Urbanization is increasing worldwide with more and more people moving to expanding cities [1
]. Within these cities the provision of open spaces is limited and unevenly distributed, enhancing the need to provide green infrastructure [2
]. To connect these isolated patches linear structures that function as corridors between them are important [2
]. Such urban greenways benefit residents by providing various regulating and cultural ecosystem services (e.g., experience of nature and improved health and wellness) and support biodiversity [6
]. Most cities are growing rapidly and undergo densification processes, thus isolating remaining open spaces. There is an urgent need for further development of new urban green infrastructure [10
]. In many cities, historic legacies such as military fortifications and former industrial land provide opportunities for establishing new greenways. Examples include the city wall circular greenway in Nanjing [12
], the Ring Boulevard in Vienna [8
] and the Green Belt Berlin established on the grounds of the former Berlin Wall [6
]. Another opportunity for establishing new greenways is disused railway lines including their embankments or changes of the management of these structures. In urban areas, line-side land has a key function in connecting green areas [5
] and a high conservation value has been assigned to a considerable proportion of railway embankments [14
]. For example, over 1000 ha of line-side land in London have been identified as Sites of Importance for Nature Conservation (SINCs; [15
In this study, we focus on the connectivity aspect for supporting biodiversity. The fragmentation of natural habitats by transport infrastructure (highways and other roads with high traffic density, railways) has received a great deal of attention [16
]. Various means to mitigate negative effects of habitat fragmentation have been suggested and the great importance of green bridges and other forms of wildlife passages have been documented repeatedly [19
]. However, roads and railways do not only fragment habitats; their verges and embankments can also provide valuable semi-natural habitats [22
] and serve as dispersal corridors [5
]. In particular, line-side railway land (mainly grassland, but also scrub, woodland and ruderal vegetation) is of considerable importance [18
]. Trackside vegetation prevents erosion, promotes pollinators (wild bees), provides habitat and functions as dispersal corridor for numerous plant and animal species and enhances quality of life to a city’s residents [23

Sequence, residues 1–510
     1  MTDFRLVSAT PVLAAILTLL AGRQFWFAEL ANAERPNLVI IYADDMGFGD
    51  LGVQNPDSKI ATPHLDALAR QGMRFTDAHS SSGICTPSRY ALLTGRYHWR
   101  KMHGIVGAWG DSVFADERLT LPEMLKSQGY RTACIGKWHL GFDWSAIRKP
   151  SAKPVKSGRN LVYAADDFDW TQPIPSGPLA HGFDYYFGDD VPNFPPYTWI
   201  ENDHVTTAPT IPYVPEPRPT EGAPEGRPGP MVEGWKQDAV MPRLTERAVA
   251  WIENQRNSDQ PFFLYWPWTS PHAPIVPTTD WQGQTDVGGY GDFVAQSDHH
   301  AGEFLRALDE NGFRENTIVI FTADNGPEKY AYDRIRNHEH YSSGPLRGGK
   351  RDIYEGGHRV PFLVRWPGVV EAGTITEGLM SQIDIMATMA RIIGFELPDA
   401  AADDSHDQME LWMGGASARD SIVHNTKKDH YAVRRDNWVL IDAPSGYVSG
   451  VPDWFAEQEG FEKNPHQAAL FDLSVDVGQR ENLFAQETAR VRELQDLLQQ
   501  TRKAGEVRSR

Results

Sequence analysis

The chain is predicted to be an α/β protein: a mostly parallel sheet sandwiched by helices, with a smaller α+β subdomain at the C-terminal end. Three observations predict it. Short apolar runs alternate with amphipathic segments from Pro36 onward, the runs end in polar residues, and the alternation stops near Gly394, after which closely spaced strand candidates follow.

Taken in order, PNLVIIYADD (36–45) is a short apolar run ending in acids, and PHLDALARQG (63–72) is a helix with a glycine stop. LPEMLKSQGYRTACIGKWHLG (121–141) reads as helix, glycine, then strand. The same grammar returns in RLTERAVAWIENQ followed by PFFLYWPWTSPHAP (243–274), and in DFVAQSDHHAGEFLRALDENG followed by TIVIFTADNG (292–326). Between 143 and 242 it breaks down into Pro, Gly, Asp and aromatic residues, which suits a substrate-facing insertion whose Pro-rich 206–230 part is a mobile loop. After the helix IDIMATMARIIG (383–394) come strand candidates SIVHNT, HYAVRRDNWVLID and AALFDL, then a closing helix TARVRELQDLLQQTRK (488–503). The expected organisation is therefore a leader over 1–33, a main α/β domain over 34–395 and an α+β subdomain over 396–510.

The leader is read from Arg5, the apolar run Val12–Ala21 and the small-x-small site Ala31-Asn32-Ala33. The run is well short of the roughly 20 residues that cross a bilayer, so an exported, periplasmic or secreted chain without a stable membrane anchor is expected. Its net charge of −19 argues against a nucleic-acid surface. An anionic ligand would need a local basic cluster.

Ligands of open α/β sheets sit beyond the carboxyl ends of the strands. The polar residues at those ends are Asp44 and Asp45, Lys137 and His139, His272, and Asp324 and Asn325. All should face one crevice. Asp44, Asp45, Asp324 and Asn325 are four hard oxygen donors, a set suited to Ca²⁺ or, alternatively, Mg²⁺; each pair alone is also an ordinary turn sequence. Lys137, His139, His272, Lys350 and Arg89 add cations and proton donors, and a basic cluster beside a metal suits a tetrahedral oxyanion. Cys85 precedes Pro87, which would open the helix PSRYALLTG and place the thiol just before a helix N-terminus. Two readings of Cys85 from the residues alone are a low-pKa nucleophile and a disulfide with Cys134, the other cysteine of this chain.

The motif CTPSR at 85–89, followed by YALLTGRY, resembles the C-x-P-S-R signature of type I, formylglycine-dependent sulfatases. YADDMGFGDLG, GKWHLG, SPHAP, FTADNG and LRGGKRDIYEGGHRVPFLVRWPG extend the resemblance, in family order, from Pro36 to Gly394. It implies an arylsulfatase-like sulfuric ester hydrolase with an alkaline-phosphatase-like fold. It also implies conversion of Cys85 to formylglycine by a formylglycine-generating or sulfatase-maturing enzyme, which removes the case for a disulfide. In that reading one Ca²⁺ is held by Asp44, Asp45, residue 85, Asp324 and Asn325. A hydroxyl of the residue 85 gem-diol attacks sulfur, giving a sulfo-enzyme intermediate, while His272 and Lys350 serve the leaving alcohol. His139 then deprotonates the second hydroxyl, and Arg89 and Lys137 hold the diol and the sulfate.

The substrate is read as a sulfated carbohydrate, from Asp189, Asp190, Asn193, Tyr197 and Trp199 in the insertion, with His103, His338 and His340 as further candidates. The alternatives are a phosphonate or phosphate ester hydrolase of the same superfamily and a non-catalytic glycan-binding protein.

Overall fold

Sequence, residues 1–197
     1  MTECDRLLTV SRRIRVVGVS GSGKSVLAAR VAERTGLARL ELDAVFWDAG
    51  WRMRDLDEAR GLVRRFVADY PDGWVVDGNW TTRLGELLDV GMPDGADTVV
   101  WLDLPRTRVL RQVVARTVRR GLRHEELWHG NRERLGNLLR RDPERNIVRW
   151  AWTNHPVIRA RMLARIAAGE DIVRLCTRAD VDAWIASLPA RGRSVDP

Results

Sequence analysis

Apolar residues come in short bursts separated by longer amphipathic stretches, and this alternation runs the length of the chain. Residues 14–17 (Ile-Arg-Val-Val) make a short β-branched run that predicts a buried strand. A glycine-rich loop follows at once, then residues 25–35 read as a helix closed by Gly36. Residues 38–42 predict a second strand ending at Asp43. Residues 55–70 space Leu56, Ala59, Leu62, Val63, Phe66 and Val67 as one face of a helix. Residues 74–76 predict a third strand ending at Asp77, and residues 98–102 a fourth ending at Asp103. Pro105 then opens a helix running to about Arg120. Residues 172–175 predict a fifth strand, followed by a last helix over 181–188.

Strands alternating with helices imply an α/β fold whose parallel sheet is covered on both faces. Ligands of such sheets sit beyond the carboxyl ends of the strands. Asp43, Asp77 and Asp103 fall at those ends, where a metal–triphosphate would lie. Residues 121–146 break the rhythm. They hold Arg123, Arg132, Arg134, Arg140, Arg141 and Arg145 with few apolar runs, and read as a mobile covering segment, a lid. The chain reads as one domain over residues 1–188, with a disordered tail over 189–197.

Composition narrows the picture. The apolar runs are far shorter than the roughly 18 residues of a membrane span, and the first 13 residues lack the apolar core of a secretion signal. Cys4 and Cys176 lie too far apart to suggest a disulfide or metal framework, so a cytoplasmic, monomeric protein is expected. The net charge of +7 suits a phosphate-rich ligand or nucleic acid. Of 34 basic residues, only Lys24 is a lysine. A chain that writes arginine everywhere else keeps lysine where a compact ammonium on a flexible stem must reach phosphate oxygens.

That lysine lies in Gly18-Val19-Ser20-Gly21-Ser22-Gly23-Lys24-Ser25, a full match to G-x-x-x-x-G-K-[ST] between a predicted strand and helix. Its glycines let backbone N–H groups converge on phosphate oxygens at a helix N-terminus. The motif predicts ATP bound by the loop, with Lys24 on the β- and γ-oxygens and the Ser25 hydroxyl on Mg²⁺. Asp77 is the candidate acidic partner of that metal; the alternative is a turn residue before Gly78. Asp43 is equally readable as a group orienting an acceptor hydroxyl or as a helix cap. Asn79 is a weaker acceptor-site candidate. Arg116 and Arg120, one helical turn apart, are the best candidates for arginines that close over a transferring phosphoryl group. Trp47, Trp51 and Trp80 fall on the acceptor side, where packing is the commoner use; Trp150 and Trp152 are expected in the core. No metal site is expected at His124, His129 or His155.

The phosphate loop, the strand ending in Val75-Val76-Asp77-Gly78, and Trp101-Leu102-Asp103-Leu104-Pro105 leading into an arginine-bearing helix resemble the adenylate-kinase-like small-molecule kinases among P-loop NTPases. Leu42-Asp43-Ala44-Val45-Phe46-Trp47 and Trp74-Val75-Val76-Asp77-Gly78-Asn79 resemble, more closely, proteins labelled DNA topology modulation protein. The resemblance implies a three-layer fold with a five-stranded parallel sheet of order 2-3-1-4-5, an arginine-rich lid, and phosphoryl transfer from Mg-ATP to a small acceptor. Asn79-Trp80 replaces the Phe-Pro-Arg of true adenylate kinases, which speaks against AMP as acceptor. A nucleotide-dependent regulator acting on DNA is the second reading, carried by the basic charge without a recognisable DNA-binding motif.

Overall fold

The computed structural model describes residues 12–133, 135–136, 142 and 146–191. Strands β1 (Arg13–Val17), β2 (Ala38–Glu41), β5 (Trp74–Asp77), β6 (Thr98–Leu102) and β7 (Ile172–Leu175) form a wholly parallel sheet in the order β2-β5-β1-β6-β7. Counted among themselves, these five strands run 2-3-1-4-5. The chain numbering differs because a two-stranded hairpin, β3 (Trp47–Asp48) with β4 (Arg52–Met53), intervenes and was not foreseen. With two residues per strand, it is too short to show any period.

]. However, it should be noted that corridors may also have negative aspects such as dispersal of invasive species, pathogens and diseases [25
The gravel bed of a railway line itself may serve as a habitat for specialized invertebrate species. This aspect has so far received little attention. In contrast to line-side railway land and embankments, which are interrupted by bridges, stations or overpasses, the gravel bed continues through these structures. Thus, while the dispersal function of trackside vegetation might be interrupted when railway tracks cross rivers or roads on bridges with no or very little vegetation (e.g., on iron-steel constructions with simple gravel beds), the dispersal function may be less affected for species associated with the gravel bed. To our knowledge it is not known whether existing (extensively used or disused) railway bridges contribute to habitat connectivity by serving as a link between habitats.
Here we present a field study in which animals (vertebrates and invertebrates) crossing a 32 m-long railway bridge were monitored over a period of 9 months using drift fencing with pitfall traps. Not all animals captured on the bridge might have been caught while dispersing. For some invertebrates the gravel bed of a little-used railway track may also serve as habitat and in this way connect similar habitats on either side of the bridge.
Abiotic conditions (pronounced variation in temperature, lack of humidity) in the gravel bed of a railway bridge may act as a filter for dispersing animals. Depending on daily and seasonal activity patterns we expect that some taxonomic groups are less affected by particular conditions. In order to examine these aspects we emptied the traps twice per day separating day- and night-active animals.
Certain morphological or behavioral traits may determine whether the bridge can serve as a connecting habitat or a dispersal corridor for a species. In particular, body size may be connected to dispersal ability through the fit to the scale of interstitial spaces in the gravel bed or because of its relationship with the dispersal pace on the surface. By contrast, the bridge may not serve as a connecting habitat for arboreal species because of a lack of higher vegetation.
In particular, we tested the following hypotheses: (1) a set-aside railway bridge functions as a corridor for small animals providing landscape connectivity across the road. (2) Different taxonomical groups differ in frequency of bridge use. (3) Capture rates on the bridge are higher during the night than during the day, because many species can thus avoid exposure to predation and extreme microclimatic conditions, or are mainly nocturnal. (4) For different taxonomic groups capture rates differ among the seasons. (5) High temperatures and rainfall affect capture rates on the bridge. (6) Taxa with particular combinations of traits are more likely to use the bridge.
2. Materials and Methods
2.1. Set-Aside Railway Bridge
The bridge examined is located on the northeast edge of the railway station Badischer Bahnhof in Basel (Switzerland). The single-track, 32 m long and 6 m wide railway bridge is an iron-steel construction with a simple gravel bed of 30 cm depth (Figure 1
a). The bridge crosses a major road (traffic density of 8000 vehicles per day) at an angle of 45° and at a height of 5.5 m over a distance of 16 m (Figure 1